Ultimately, it’s about customer value, states Martin Olij, Director of Services & Infrastructure, Hewlett Packard Enterprise. Consumers are not looking for a brand or a specific IT infrastructure, but simply want a specific outcome on-demand, based on a need or challenge. HPE, together with its partners, must deliver services that are in line with the expectations associated with the flexible models of the modern age. “When it comes to our infrastructure services, we develop them with the experience our customers and their customers expect in mind. They can buy it, but also simply consume it and switch it on and off as they wish.”
The foundational infrastructure will mostly be both physical and virtual, according to Judith Gardiner, VP Growth and Emerging Markets at Equinix. “On the virtual side, we enable our customers to move to new markets and to scale up and down quickly.”
“Transformational leadership is needed, which brings together diverse functions and roles”
In a technical sense, Equinix supports the customer in their multi-cloud strategy, whereby part of the service provision comes from the network providers in the ecosystem. Often there are specific wishes; for example, ecosystem partners operating from the same data center with a view to limited latency, optimal application performance, security, and so on. “The speed with which you can bring all this together and launch it on the market is a key success factor in the current dynamics.”
A modular setup can be a perfect starting point for companies with a large amount of existing IT, who want to modernize their landscape. “We can connect these worlds efficiently, safely, and reliably, both within the organization and within ecosystems and chains.”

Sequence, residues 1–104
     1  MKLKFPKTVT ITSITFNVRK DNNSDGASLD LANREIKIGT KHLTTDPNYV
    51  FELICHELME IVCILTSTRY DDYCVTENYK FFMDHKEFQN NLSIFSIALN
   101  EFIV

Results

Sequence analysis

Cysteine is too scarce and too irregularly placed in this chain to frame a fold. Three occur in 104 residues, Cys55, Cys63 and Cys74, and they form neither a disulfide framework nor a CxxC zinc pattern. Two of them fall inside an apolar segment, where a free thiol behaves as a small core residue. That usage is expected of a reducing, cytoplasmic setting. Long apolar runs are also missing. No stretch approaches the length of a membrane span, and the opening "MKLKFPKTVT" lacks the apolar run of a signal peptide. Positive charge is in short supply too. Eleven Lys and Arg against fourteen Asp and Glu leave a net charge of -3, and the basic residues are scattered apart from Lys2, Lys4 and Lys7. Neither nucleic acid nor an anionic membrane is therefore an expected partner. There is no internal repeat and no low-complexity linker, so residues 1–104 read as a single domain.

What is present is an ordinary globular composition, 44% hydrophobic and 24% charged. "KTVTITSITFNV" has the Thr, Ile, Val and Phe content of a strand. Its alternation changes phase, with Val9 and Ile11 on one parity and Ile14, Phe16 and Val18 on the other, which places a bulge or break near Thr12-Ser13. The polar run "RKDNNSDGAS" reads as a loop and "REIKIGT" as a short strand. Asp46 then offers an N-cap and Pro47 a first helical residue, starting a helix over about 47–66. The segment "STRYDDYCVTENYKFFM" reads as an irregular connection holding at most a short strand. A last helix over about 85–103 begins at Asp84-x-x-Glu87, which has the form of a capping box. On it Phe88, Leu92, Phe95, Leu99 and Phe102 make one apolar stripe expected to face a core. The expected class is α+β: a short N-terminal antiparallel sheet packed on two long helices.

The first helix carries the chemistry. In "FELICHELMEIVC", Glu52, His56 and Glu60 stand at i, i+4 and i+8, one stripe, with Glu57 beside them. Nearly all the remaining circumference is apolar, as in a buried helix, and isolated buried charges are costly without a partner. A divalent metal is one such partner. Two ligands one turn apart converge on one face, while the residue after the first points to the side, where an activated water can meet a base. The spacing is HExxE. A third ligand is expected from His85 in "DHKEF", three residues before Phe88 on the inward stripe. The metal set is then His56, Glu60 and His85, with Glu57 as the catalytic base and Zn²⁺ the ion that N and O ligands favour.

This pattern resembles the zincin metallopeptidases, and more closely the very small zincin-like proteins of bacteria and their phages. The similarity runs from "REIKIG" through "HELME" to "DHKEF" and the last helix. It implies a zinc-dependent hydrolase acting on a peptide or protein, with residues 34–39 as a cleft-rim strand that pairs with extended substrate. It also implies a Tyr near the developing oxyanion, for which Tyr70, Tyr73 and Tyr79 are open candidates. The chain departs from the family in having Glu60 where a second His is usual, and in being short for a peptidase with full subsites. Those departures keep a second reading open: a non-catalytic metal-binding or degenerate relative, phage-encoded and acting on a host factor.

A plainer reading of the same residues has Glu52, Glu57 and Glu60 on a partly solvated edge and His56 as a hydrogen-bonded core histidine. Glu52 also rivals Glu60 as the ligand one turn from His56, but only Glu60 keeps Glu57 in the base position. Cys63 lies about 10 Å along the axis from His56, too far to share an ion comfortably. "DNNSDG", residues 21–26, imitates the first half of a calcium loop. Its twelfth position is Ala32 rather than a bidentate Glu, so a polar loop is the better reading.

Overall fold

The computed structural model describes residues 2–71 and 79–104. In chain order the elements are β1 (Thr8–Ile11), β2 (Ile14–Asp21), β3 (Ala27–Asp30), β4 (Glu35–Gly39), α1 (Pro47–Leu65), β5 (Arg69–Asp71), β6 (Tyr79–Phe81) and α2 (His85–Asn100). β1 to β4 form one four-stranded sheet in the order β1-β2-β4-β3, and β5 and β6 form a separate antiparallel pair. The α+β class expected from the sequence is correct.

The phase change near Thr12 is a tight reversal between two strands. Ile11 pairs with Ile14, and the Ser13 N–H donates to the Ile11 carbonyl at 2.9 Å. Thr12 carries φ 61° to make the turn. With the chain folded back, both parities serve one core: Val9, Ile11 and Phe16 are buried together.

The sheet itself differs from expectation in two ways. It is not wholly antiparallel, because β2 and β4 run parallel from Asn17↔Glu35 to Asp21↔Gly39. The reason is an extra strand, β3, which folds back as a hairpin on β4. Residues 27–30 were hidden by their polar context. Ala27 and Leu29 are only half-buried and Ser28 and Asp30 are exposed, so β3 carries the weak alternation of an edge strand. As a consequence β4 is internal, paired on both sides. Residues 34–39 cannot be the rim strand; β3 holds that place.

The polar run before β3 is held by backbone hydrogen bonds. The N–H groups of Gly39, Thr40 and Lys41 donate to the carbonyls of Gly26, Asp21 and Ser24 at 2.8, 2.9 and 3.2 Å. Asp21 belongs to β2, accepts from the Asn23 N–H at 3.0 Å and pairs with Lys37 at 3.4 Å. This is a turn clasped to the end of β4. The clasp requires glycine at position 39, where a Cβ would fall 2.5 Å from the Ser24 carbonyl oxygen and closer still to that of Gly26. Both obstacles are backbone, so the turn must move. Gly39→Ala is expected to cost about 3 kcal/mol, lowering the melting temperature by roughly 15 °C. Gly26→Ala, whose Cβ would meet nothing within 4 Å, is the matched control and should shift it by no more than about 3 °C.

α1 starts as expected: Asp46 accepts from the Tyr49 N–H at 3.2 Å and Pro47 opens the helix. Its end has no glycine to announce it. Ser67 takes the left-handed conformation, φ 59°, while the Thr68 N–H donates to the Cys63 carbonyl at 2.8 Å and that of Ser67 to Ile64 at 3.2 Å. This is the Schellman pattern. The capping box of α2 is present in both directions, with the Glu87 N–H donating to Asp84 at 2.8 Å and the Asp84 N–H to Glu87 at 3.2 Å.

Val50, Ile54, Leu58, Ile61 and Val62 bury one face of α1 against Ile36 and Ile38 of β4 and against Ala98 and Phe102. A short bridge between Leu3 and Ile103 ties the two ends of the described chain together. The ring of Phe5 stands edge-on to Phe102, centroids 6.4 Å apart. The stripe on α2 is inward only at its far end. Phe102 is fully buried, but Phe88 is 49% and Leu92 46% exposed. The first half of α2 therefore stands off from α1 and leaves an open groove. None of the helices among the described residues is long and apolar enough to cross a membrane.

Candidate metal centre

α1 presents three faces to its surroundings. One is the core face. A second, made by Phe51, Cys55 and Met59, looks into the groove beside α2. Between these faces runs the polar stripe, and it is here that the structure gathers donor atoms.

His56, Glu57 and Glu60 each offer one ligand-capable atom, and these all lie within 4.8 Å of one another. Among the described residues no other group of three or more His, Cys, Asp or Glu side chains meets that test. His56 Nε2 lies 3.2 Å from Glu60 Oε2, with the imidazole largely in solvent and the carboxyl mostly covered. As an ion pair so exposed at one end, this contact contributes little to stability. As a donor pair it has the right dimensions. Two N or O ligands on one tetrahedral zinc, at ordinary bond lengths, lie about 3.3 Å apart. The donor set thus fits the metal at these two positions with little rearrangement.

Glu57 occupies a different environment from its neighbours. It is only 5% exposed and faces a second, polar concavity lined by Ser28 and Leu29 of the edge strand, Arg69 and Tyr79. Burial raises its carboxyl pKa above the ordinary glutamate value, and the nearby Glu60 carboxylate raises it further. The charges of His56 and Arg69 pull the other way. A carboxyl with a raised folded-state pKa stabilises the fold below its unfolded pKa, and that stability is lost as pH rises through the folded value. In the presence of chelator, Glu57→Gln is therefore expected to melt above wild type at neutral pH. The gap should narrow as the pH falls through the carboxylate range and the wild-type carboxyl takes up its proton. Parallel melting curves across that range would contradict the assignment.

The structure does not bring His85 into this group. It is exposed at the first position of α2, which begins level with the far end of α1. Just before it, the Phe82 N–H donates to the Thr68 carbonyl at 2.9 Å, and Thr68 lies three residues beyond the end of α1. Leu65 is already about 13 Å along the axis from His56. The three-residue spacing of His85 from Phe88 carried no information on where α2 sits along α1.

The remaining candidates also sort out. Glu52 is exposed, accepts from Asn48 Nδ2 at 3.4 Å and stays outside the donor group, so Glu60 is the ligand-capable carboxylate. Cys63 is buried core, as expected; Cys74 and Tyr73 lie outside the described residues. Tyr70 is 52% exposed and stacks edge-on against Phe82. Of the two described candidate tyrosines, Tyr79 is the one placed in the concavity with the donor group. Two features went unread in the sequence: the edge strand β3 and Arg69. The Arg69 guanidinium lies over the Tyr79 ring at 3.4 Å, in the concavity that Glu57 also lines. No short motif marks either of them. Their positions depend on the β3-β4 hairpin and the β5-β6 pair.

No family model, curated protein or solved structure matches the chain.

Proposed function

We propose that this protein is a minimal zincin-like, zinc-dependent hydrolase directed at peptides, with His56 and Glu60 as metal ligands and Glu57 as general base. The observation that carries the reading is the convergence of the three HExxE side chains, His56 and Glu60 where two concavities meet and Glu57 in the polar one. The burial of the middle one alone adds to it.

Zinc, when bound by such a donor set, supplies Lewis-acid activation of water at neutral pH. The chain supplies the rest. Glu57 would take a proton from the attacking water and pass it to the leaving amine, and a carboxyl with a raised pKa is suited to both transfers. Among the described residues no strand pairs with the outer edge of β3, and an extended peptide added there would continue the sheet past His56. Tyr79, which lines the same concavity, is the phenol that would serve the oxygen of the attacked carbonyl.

Another aspect of the subscription model is circularity – the way in which we deal with the available resources. Mel Jacobs: “Thinking from the perspective of chains and ecosystems, this goes back to production, possible reuse, and the further steps in the total value chain. That is an important sustainability-related business pull, partly enabled by a technology push.”
There are several drivers: technology, business, but also demographic changes. Factors accelerating adoption are the rise of mobile and location technology and online payments, the emergence of peer-to-peer models, increased transparency about the supply chain, and the desire to extract the maximum value from available assets – such as unused cars, storage, and working space, IT capacity and so on.
“Everyone in the organization must have the skills to meet the needs of our customers”
Digital trust is also crucial, adds the ABN AMRO CIO. Certainly when several parties are involved. this applies to both companies and consumers, who ultimately own their data. “We must keep this in mind in everything we do.”
The subscription economy revolves around a complete transformation of the operating model. Judith Gardiner: “That is why transformational leadership is needed.” ABN AMRO‘s Mel Jacobs: “Preferably a diverse organization. Also: strategy isn’t just for the top. Everyone in the organization must essentially understand the technology roadmap and have the skills to meet the needs of our customers. Leadership plays an important role here.”
Watch the full episode with some additional tips and recommendations for technology leaders.